python local variable referenced before assignment - output 3

Throughout this article, we have explored multiple approaches to address the Local Variable Referenced Before Assignment error in Python. From the nuances of variable scope to the effectiveness of initializations and conditional assignments, these strategies are instrumental in developing error-free code.

The key takeaway is the importance of understanding variable scope and initialization in Python. By applying these methods appropriately, programmers can not only resolve this specific error but also enhance the overall quality and maintainability of their code, making their programming journey smoother and more rewarding.

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UnboundLocalError Local variable Referenced Before Assignment in Python

Handling errors is an integral part of writing robust and reliable Python code. One common stumbling block that developers often encounter is the “UnboundLocalError” raised within a try-except block. This error can be perplexing for those unfamiliar with its nuances but fear not – in this article, we will delve into the intricacies of the UnboundLocalError and provide a comprehensive guide on how to effectively use try-except statements to resolve it.

What is UnboundLocalError Local variable Referenced Before Assignment in Python?

The UnboundLocalError occurs when a local variable is referenced before it has been assigned a value within a function or method. This error typically surfaces when utilizing try-except blocks to handle exceptions, creating a puzzle for developers trying to comprehend its origins and find a solution.

Why does UnboundLocalError: Local variable Referenced Before Assignment Occur?

below, are the reasons of occurring “Unboundlocalerror: Try Except Statements” in Python :

Variable Assignment Inside Try Block

Reassigning a global variable inside except block.

  • Accessing a Variable Defined Inside an If Block

In the below code, example_function attempts to execute some_operation within a try-except block. If an exception occurs, it prints an error message. However, if no exception occurs, it prints the value of the variable result outside the try block, leading to an UnboundLocalError since result might not be defined if an exception was caught.

In below code , modify_global function attempts to increment the global variable global_var within a try block, but it raises an UnboundLocalError. This error occurs because the function treats global_var as a local variable due to the assignment operation within the try block.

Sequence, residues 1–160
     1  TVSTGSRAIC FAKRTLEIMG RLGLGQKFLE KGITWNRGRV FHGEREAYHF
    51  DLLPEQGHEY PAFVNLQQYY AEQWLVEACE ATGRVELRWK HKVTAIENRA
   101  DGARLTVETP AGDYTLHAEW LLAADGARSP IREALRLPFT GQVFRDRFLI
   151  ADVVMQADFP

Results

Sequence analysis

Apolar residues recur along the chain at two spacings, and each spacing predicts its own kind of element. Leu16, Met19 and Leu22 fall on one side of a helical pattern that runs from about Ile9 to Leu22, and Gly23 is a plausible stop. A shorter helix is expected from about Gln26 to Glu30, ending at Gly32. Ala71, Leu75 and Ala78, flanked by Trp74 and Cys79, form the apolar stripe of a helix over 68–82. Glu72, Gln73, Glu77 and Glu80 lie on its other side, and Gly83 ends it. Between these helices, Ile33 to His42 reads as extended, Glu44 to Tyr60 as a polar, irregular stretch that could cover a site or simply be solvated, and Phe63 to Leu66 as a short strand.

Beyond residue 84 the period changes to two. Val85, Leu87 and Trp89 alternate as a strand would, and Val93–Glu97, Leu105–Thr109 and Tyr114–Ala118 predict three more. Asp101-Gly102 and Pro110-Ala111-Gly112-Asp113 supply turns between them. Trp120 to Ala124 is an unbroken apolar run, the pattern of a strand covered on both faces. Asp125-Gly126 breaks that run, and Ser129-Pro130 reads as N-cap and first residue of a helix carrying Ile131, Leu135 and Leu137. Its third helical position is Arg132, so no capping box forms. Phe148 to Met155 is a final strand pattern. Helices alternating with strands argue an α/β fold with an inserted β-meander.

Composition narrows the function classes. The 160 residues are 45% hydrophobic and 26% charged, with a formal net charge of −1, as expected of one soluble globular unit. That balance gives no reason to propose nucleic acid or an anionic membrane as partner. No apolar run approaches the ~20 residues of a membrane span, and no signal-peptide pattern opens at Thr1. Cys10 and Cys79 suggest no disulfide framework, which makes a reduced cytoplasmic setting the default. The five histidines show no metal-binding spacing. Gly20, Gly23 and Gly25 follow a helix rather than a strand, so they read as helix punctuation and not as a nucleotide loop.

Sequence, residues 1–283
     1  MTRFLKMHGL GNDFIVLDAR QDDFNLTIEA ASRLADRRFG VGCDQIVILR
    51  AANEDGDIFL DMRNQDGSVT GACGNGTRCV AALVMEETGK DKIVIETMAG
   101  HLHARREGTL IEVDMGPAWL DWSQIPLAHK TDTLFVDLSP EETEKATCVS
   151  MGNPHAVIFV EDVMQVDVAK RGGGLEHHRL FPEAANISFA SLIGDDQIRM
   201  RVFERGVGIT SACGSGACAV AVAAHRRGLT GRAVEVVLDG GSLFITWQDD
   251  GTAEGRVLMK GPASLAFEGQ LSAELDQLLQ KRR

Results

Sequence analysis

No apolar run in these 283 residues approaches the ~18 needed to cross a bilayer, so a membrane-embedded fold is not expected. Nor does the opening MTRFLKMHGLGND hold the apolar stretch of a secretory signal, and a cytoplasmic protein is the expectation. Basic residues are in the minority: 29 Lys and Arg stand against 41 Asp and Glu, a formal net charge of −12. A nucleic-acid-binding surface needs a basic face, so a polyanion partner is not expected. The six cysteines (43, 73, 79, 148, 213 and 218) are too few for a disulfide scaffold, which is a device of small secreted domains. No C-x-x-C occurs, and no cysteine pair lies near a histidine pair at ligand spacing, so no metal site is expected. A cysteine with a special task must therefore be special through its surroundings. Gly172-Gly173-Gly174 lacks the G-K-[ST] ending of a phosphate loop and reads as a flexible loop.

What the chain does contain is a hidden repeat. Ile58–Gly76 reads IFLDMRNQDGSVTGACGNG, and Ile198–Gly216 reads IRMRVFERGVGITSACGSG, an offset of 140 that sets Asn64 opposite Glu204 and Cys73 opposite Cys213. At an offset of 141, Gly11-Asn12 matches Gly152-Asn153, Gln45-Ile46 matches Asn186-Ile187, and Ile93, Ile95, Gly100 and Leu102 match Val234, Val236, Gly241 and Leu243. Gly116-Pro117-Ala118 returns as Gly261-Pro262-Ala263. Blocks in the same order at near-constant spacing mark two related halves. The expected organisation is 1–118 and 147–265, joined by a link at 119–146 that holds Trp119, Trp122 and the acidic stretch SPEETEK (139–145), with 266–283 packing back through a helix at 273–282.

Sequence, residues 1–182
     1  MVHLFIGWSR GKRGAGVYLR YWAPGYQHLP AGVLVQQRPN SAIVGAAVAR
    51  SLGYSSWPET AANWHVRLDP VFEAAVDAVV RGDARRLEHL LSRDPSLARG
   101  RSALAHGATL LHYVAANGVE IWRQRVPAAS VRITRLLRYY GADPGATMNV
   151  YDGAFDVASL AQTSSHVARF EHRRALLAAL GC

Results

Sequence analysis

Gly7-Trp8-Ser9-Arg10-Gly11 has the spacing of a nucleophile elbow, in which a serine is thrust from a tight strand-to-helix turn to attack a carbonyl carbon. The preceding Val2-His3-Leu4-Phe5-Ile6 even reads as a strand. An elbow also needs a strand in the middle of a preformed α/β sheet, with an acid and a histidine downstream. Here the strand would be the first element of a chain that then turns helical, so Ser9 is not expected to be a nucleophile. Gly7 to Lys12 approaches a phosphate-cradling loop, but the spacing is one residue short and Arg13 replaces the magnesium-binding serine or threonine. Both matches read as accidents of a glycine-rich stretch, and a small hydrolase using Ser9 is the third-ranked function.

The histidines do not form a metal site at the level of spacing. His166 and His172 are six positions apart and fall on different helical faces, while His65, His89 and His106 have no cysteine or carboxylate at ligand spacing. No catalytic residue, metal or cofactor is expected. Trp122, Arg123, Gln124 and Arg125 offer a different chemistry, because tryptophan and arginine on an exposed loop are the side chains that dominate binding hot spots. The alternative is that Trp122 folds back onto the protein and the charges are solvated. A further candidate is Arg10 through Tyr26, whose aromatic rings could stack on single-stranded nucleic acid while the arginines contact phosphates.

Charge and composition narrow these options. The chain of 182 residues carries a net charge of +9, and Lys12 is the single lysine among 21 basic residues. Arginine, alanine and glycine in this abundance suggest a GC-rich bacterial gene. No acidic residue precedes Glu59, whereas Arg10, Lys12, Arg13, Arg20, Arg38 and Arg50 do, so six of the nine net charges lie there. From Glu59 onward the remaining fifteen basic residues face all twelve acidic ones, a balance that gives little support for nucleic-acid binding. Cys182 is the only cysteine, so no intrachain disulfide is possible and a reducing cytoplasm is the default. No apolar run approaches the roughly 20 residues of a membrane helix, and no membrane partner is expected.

Solution for UnboundLocalError Local variable Referenced Before Assignment

Below, are the approaches to solve “Unboundlocalerror: Try Except Statements”.

Initialize Variables Outside the Try Block

Avoid reassignment of global variables.

In modification to the example_function is correct. Initializing the variable result before the try block ensures that it exists even if an exception occurs within the try block. This helps prevent UnboundLocalError when trying to access result in the print statement outside the try block.

Below, code calculates a new value ( local_var ) based on the global variable and then prints both the local and global variables separately. It demonstrates that the global variable is accessed directly without being reassigned within the function.

In conclusion , To fix “UnboundLocalError” related to try-except statements, ensure that variables used within the try block are initialized before the try block starts. This can be achieved by declaring the variables with default values or assigning them None outside the try block. Additionally, when modifying global variables within a try block, use the `global` keyword to explicitly declare them.

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Local variable referenced before assignment in Python

The “local variable referenced before assignment” error occurs in Python when you try to use a local variable before it has been assigned a value.

This error typically arises in situations where you declare a variable within a function but then try to access or modify it before actually assigning a value to it.

Here’s an example to illustrate this error:

In this example, you would encounter the “local variable ‘x’ referenced before assignment” error because you’re trying to print the value of x before it has been assigned a value. To fix this, you should assign a value to x before attempting to access it:

In the corrected version, the local variable x is assigned a value before it’s used, preventing the error.